• nevertoofast2
    nevertoofast2 Місяць тому +3

    There is a great deal of really good music being made by young musicians today. Dirty Honey has a modern take on classic rock of the 70's. with an incredible vocalist in Mark Labelle. Mixedupeverything four brothers from Australia who started on youtube as a cover band, have two albums of original music with a unique mix of grunge with heavy rock. And finally Rick, when are you going to do an interview with Matteo Mancuso the most revolutionary guitarist since Allan Holdsworth?

    • orlock20
      orlock20 Місяць тому

      Three "new" bands I like are Starcrawler, Liliac and Southern Avenue.

  • Peter Schuetz
    Peter Schuetz Місяць тому +2

    Killer content, Rick! Your analysis put verbal shape to my long-held love for grunge. All of those great bands you mentioned still blow me away!

  • Charles Laine
    Charles Laine Місяць тому

    I always have very specific memories that are triggered by early to mid 90s grunge music. Soundgarden in particular will always trigger very specific and vivid memories of people, places, and events. It's really weird to me how this happens in my now-aging brain!!!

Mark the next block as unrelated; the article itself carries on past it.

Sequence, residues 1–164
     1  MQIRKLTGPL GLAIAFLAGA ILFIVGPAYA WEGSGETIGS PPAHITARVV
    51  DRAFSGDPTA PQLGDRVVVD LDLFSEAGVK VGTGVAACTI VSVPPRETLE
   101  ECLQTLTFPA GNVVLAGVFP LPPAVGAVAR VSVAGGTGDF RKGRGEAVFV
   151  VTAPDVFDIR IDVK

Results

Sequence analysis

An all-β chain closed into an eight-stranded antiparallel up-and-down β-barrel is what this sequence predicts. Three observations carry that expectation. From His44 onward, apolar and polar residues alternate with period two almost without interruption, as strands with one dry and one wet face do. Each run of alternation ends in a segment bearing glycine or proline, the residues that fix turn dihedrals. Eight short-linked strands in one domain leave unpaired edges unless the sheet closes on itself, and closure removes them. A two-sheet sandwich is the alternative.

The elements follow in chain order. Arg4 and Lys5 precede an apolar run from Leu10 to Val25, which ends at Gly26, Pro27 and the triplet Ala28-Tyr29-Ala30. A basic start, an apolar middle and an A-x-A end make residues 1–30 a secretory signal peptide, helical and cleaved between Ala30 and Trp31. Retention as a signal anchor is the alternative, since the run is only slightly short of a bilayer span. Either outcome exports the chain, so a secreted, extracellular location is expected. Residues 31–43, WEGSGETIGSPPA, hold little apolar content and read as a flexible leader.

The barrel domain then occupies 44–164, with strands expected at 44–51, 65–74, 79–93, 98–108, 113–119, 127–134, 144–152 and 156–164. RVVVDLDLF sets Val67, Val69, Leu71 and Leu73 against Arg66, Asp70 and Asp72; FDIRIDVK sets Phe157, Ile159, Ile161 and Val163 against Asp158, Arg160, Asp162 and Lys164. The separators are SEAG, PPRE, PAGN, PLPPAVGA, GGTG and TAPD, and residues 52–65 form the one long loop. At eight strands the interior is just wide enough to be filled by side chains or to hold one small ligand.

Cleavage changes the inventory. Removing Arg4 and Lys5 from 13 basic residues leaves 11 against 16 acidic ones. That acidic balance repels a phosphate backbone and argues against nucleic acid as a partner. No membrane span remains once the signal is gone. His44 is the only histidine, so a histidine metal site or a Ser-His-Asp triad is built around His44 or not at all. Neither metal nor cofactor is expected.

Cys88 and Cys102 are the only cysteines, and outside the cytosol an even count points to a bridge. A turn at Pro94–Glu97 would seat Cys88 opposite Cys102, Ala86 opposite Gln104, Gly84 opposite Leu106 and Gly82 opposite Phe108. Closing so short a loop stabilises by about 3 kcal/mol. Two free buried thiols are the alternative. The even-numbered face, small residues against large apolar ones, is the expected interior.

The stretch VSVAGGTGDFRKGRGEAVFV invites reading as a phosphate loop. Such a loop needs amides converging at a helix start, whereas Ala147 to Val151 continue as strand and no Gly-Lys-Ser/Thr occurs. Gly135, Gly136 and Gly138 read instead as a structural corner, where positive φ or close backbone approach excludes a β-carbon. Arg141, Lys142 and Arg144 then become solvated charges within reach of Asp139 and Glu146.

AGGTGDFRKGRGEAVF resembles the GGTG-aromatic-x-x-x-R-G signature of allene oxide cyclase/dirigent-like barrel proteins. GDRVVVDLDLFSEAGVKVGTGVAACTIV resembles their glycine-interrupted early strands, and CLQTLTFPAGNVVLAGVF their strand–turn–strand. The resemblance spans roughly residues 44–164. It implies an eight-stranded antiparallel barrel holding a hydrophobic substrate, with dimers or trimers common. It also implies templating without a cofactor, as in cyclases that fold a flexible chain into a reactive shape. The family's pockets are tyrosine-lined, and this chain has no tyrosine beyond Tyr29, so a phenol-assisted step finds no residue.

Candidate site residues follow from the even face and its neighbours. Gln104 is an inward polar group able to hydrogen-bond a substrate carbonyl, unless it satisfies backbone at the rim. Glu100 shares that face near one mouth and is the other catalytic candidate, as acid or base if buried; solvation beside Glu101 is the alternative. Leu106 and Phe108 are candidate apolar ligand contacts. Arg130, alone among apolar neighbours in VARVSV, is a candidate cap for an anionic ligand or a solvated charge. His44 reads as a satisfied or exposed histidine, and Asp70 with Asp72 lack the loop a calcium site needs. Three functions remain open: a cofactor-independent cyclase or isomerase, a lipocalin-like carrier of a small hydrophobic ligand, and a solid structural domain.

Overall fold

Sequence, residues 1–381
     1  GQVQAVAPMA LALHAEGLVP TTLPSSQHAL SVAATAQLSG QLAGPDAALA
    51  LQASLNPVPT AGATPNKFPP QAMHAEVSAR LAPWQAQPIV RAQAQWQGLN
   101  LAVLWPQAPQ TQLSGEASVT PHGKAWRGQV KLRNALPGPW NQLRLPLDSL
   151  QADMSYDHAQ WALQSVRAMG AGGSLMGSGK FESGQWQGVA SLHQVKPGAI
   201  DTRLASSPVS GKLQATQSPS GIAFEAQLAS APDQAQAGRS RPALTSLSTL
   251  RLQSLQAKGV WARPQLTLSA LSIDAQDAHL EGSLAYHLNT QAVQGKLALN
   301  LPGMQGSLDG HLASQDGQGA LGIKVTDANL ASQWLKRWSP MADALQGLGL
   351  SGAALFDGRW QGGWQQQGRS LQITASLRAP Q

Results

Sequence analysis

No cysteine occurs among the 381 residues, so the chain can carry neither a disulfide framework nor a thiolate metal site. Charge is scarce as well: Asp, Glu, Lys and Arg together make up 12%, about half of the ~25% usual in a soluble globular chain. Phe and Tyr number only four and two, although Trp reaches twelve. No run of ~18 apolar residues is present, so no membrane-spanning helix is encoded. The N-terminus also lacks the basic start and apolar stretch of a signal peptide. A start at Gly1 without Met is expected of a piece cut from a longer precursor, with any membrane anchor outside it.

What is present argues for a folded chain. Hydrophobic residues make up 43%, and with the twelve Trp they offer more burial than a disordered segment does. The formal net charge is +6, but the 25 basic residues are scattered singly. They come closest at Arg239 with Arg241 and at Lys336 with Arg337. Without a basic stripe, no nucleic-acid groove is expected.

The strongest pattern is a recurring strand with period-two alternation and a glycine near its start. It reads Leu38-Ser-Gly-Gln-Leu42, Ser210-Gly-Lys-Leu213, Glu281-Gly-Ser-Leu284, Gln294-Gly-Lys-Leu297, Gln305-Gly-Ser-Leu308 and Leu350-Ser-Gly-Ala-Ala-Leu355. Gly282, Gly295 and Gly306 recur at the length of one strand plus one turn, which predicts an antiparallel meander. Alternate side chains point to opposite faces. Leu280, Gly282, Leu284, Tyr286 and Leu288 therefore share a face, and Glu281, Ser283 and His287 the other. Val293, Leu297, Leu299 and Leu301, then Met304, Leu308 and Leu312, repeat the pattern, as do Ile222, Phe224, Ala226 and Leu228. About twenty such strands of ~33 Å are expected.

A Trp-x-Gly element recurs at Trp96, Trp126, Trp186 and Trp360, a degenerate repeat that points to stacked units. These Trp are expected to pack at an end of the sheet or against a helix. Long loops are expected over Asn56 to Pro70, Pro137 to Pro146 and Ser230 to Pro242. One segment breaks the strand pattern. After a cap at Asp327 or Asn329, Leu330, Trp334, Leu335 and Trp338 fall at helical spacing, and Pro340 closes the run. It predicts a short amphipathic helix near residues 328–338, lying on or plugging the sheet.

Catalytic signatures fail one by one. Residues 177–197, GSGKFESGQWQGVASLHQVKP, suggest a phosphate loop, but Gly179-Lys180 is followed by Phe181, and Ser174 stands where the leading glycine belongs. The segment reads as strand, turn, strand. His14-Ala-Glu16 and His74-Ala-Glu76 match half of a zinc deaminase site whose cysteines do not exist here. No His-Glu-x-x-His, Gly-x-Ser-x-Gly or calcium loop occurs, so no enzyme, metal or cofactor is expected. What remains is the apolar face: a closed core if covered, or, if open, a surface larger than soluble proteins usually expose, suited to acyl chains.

• King Of HeArts👑
    King Of HeArts👑 Місяць тому +18

    People tend to forget that WAY before Grunge, Jimi Hendrix was from Seattle as well.

    • King Of HeArts👑
      King Of HeArts👑 Місяць тому +1

      I think you could include them too. Bands from Washington state.

    • VK3
      VK3 Місяць тому +1

      How about The Kingsmen? From Portland but is it a stretch to say they represent the PNW in general?

  • TsipouroGiveaway
    TsipouroGiveaway 29 днів тому

    Hello there Rick.
    I 've been watching your videos about 3 years now and i never heard you talk or even refer to Chuck Schuldiner Death's lead singer song writer and father of death metal.
    I know you don't hear this music but you MUST dig a little bit more into his music he is incredible.
    I love your work and your mind behind music, keep bringing the light to us and teach us with your own perfect way.

  • Dram
    Dram Місяць тому +16

    Grunge won the speed run from “outsider scene” to “J.C. Penny catalog”. Seriously it was like a year and a half.
    I can’t think of anything that was commercialized quite so fast.

    • Brown Girl in a Clown World
      Brown Girl in a Clown World 20 днів тому +3